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'Spring, Summer, Fall, Winter... And Spring'

2006/04/01 | 147 views | Permalink | Source

Some critics were surprised by what they saw

Adam Hartzell (internews)

When asking my opinion about "Kill Bill 2", a good friend of mine was shocked to hear I hadn't seen either yet (and still haven't). "That surprises me since you're so into Asian film", was his response to this news. I jammed my friend's "logic" by clarifying that the Asian film references that fill "Kill Bill" are not the Asian films I seek out. This is not a slam on Tarantino, he's a wonderful collage artist. Nor is this a slam on those types of films, those films emphasize what many find pleasurable about cinema -- spectacle. But Tarantino isn't referencing Tsai, Hong, Hui, or Oshima, in his "Kill Bills" so it wouldn't be up high on my NetFlix list if I were to have one.

But many Westerners share my friend's template of what constitutes an "Asian Film", that is, some combination of martial arts, samurai, wire-fu, gangsters, violence, and soft porn. And knowing this, it is no surprise that Kim Ki-duk's films have been embraced by Western critics. Kim's "The Isle" has solidified his place in the Westernized canon of Asian films due to an incident at New York's Asian Film Festival where an audience member left a screening gagging like the main character in the film and falling to the lobby floor. Known for his creative maiming and killing off of his characters, Kim has been embraced by the same cult aficionados who anxiously await the next Miike Takashi flick.

Thus, Kim's homage to the seasons, "Spring, Summer, Fall, Winter... And Spring" was readied for immediate acceptance by Western critics. Yet, these same critics were surprised by what they saw, saying that "Spring..". was much tamer than Kim's previous fare. But it appears the Buddhist parables -- some true to scriptures and others entirely made up -- that Kim, himself a Christian, presented in "Spring..". met other requirements of Western templates of Asian films, providing the necessary exoticism.

Taking place within a small lake with a Buddhist temple floating in the middle, we follow the seasons of an abandoned child under the initial tutelage of an elder monk as the child grows up into an adolescent, to adulthood, then finally to old age himself. Each stage and season presents particular trials for the main character. The first trial is reminiscent of another Buddhist film, "Why Has Bodhi-Dharma Left for the East?", where the young child learns about death through his participation in the result. But Kim adds his own images to the Buddhist film genre with a nice scene of painstakingly carving a long sutra into the porch of the floating temple that is later painted with a cat's tender tail.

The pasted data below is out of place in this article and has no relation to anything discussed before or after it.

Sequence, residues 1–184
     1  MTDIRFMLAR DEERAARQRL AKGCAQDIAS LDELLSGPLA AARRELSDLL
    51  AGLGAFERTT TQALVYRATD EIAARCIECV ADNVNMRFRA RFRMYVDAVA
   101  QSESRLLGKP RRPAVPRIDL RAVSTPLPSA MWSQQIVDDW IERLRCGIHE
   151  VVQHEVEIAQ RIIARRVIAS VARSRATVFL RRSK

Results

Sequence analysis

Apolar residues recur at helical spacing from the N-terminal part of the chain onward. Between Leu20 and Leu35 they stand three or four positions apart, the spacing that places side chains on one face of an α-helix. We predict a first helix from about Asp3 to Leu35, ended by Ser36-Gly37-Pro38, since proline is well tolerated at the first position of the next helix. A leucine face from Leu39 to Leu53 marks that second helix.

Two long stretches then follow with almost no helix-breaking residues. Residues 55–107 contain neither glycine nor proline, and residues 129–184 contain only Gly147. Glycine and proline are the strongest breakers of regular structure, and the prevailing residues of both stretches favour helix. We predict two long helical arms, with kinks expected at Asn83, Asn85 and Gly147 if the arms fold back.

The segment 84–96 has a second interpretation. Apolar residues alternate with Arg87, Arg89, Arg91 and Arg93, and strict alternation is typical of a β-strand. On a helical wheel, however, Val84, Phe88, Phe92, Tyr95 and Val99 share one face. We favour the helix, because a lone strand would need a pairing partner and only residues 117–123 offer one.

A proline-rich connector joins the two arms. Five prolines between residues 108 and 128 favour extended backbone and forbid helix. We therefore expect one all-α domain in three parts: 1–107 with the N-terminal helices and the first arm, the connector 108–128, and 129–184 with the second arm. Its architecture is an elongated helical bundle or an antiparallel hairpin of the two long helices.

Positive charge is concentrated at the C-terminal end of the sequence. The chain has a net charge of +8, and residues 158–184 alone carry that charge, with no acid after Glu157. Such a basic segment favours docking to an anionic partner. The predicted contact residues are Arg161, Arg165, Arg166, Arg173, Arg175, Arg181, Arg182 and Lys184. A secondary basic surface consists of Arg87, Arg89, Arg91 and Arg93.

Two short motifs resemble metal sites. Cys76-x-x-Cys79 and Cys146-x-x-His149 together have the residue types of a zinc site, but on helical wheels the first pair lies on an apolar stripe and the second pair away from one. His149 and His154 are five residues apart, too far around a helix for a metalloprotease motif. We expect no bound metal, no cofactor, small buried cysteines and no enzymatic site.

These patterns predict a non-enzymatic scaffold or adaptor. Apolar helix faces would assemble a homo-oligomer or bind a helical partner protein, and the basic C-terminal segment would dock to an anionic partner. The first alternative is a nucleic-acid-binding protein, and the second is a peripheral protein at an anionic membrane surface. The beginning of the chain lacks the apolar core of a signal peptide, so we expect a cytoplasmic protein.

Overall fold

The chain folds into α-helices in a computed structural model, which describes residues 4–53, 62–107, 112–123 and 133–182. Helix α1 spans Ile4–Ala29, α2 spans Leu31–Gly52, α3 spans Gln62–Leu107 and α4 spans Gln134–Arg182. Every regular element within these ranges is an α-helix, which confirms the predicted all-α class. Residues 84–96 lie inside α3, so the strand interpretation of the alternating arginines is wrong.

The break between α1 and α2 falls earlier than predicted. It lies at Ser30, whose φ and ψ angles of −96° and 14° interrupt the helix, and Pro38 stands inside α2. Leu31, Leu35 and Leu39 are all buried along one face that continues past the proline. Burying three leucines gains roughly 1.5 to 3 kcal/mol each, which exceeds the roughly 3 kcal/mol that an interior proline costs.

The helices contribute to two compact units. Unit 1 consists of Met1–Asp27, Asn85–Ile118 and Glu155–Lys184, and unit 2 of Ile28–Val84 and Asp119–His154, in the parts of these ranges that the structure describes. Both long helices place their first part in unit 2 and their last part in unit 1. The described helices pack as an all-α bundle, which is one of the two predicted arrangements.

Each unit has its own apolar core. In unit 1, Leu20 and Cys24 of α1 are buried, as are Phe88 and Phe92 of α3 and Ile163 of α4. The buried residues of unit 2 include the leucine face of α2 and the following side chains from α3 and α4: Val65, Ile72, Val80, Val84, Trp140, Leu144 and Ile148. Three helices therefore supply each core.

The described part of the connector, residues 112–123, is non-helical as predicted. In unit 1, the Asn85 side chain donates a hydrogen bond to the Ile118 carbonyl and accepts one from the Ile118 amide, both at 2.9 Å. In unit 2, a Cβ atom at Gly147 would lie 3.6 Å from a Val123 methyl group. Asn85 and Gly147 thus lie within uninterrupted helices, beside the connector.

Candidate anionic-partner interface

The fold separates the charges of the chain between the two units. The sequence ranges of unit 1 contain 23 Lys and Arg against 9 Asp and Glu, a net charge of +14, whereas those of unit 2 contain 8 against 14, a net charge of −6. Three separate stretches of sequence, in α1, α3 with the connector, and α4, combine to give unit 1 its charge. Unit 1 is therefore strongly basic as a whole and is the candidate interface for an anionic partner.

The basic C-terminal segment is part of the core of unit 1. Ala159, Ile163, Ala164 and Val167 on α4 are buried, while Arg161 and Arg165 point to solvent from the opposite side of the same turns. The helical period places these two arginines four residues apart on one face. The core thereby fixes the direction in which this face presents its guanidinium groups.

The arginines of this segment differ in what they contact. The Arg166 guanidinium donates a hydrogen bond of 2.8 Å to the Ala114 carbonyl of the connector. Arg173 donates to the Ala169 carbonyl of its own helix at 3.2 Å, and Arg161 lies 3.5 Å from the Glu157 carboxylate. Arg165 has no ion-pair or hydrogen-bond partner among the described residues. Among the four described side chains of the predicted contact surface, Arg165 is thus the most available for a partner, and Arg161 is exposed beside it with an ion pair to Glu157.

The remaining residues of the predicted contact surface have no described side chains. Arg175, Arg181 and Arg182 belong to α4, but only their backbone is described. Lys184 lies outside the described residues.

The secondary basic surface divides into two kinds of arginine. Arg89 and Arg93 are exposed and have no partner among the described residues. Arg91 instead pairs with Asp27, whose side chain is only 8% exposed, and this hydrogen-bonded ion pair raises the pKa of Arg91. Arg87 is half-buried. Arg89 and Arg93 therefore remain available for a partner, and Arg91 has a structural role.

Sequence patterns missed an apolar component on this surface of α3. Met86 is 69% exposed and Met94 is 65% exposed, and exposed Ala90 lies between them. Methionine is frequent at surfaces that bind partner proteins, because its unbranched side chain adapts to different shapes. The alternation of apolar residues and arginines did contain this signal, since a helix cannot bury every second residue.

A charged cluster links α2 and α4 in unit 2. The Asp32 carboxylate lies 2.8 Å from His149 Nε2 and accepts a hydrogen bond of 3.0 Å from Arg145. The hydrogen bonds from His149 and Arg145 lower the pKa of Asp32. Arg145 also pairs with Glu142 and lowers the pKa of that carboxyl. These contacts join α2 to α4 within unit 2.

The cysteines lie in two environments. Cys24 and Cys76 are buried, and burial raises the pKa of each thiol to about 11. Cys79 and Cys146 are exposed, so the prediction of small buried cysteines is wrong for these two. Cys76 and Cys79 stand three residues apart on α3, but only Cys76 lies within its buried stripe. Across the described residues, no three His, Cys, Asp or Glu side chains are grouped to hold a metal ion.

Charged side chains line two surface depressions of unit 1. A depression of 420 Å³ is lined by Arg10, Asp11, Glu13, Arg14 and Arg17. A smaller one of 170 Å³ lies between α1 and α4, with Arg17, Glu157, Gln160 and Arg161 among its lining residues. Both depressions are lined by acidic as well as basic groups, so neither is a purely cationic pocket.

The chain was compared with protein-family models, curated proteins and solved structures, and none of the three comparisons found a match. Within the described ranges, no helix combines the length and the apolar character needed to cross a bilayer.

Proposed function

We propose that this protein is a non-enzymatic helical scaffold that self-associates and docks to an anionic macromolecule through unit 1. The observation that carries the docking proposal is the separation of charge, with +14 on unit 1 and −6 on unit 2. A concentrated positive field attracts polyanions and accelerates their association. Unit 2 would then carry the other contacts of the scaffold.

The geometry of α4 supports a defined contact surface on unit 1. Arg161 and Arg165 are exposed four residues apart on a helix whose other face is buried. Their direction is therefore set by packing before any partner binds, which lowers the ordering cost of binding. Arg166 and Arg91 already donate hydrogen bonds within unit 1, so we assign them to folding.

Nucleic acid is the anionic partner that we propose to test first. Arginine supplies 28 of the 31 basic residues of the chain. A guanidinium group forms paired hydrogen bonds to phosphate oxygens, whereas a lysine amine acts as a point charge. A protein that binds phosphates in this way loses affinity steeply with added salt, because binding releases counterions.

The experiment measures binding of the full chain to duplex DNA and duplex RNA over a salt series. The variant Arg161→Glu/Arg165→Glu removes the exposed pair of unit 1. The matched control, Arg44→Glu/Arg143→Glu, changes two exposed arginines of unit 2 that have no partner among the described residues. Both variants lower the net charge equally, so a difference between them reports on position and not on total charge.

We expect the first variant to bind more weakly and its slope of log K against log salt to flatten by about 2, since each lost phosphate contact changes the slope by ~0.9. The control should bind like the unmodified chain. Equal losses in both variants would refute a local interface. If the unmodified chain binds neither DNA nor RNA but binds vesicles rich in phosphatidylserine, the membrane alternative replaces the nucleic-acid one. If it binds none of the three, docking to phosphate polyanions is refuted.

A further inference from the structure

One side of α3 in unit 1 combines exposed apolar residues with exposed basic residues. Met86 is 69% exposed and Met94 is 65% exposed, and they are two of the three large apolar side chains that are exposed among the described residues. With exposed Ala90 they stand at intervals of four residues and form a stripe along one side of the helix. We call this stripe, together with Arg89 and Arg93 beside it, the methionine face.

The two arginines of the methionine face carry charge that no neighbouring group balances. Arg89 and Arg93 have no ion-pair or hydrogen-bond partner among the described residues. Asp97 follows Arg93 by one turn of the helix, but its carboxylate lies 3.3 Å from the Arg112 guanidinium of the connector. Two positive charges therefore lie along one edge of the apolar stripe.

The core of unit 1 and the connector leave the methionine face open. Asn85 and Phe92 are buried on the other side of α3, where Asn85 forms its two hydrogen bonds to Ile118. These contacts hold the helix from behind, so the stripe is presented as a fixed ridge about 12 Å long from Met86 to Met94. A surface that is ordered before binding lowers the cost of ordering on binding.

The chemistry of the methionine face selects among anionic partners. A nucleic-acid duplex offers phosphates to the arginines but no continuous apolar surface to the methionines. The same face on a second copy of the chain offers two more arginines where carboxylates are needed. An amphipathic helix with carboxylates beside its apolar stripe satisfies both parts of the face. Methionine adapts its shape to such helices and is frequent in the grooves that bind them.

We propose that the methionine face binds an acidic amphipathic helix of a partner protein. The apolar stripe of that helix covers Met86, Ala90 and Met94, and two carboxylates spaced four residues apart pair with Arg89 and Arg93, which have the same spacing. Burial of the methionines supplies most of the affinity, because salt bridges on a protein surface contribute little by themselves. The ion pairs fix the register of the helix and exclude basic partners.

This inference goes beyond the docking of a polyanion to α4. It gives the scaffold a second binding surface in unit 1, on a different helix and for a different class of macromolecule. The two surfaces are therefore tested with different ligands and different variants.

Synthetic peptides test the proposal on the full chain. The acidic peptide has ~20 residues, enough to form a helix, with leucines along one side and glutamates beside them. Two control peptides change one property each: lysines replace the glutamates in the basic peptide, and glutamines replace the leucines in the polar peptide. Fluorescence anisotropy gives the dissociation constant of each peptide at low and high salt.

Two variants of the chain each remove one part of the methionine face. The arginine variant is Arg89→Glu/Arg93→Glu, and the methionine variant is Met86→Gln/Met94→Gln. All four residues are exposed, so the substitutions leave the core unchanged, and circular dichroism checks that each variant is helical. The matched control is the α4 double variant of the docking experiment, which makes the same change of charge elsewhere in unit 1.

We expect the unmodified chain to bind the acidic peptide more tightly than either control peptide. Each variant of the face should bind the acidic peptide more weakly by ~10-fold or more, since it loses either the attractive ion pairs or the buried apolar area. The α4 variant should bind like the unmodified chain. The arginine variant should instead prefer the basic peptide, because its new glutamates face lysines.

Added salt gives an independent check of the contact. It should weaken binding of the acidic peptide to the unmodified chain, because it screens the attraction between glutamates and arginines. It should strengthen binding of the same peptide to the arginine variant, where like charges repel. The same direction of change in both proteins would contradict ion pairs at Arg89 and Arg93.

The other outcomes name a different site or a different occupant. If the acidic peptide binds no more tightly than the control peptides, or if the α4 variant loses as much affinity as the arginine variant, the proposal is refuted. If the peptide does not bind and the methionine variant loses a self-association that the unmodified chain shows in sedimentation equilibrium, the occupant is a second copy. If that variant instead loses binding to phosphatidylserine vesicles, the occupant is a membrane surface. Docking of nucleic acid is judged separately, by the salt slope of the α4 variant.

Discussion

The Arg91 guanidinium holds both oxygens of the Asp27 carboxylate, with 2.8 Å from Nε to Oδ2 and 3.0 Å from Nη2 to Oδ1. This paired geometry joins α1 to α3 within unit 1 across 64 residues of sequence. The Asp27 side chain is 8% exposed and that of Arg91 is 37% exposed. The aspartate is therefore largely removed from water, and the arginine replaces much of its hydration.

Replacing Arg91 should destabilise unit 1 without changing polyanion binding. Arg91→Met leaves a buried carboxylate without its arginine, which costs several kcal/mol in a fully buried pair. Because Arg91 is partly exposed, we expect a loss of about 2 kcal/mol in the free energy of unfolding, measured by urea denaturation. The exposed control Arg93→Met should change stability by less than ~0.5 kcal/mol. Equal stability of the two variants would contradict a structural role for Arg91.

Kim himself appears in the film as the enlightened monk, all bare-chested, thrusting his limbs in flashshots of his martial arts skills, leading some viewers to interpret this as exemplifying Kim's very un-Buddhist Big Ego. However, as has been noted in the Discussion Board, Kim's presence is a result of his challenging schedule and production methods. The actor that was to play the role could not, so Kim stepped in at the last minute. No ego; just practicality. (OK, maybe a little ego.)

If I were to compare "Spring..". to Korean Buddhist films that came before it, I would say I didn't enjoy it as much as "Why Has . . ". but much more than "A Little Monk". And if I were to place this within the limited number of Kim's films I've seen, I still find "The Isle" to be his masterpiece due to its disturbing take on beauty. Interestingly, although many critics have commented on this film being less violent, the torture and killings are all still there, just more subtle. And with the exception of a creative instance of self-annihilation, the killings are all forced upon animals and women. One woman in particular has her death set up as if to convey punishment for her preceding action.

Although Korean film scholar Kyung Hyun Kim, commenting before this film was completed, argues that Kim Ki-duk's misogyny is the result of the absence of female agency rather than an active misogyny, this particular female death juxtaposed against a male's contemplative -- dare I say "beautiful"? -- suicide suggests there might be more to claims of Kim's misogyny than mere absence of female autonomy. (Like, why doesn't Mom get to carve through her so-called "sin"?)

Still, there are wonderful moments in this film, such as the simple pleasure of the meditative environment Kim places us within, the floating temple, the parable-carving. Kim even includes a sexy scene of the two lovers sneaking into one another's embrace behind the sleeping eyes of the elder monk. Having wall-less rooms inside the temple where one is still required to walk in and out of a door is a wonderful touch on Kim's part, reminiscent of a stage play. Kim can be a skilled director, having shown us fascinating floating worlds in "Spring..". and "The Isle" with enough nuances in each to not be accused of repeating himself.

Still, I do hope Kim will not become the sole director associated with Korean cinema in the West. There is so much cinematic seasoning available for our visual palettes that it would be disheartening to have Kim's creative exploits into suffering and killing dominate the Western discourse of Korea's place within the constraints of the "Asian Film" category. But the strength of Kim's vision and the stubbornness of my country's mainstream media's need to lazily categorize films of the Other may leave my hopes waning.

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